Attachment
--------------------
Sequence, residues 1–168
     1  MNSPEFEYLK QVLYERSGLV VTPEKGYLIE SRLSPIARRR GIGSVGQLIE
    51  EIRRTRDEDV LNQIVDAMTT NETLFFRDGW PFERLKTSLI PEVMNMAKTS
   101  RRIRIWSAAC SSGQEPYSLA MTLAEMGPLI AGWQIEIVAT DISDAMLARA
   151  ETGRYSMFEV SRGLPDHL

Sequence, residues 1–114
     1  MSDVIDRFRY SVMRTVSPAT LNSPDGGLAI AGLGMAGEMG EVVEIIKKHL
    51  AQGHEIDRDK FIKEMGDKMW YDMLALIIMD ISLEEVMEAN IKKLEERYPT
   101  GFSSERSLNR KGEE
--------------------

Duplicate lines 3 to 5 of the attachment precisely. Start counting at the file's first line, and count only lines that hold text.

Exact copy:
    51  EIRRTRDEDV LNQIVDAMTT NETLFFRDGW PFERLKTSLI PEVMNMAKTS
   101  RRIRIWSAAC SSGQEPYSLA MTLAEMGPLI AGWQIEIVAT DISDAMLARA
   151  ETGRYSMFEV SRGLPDHL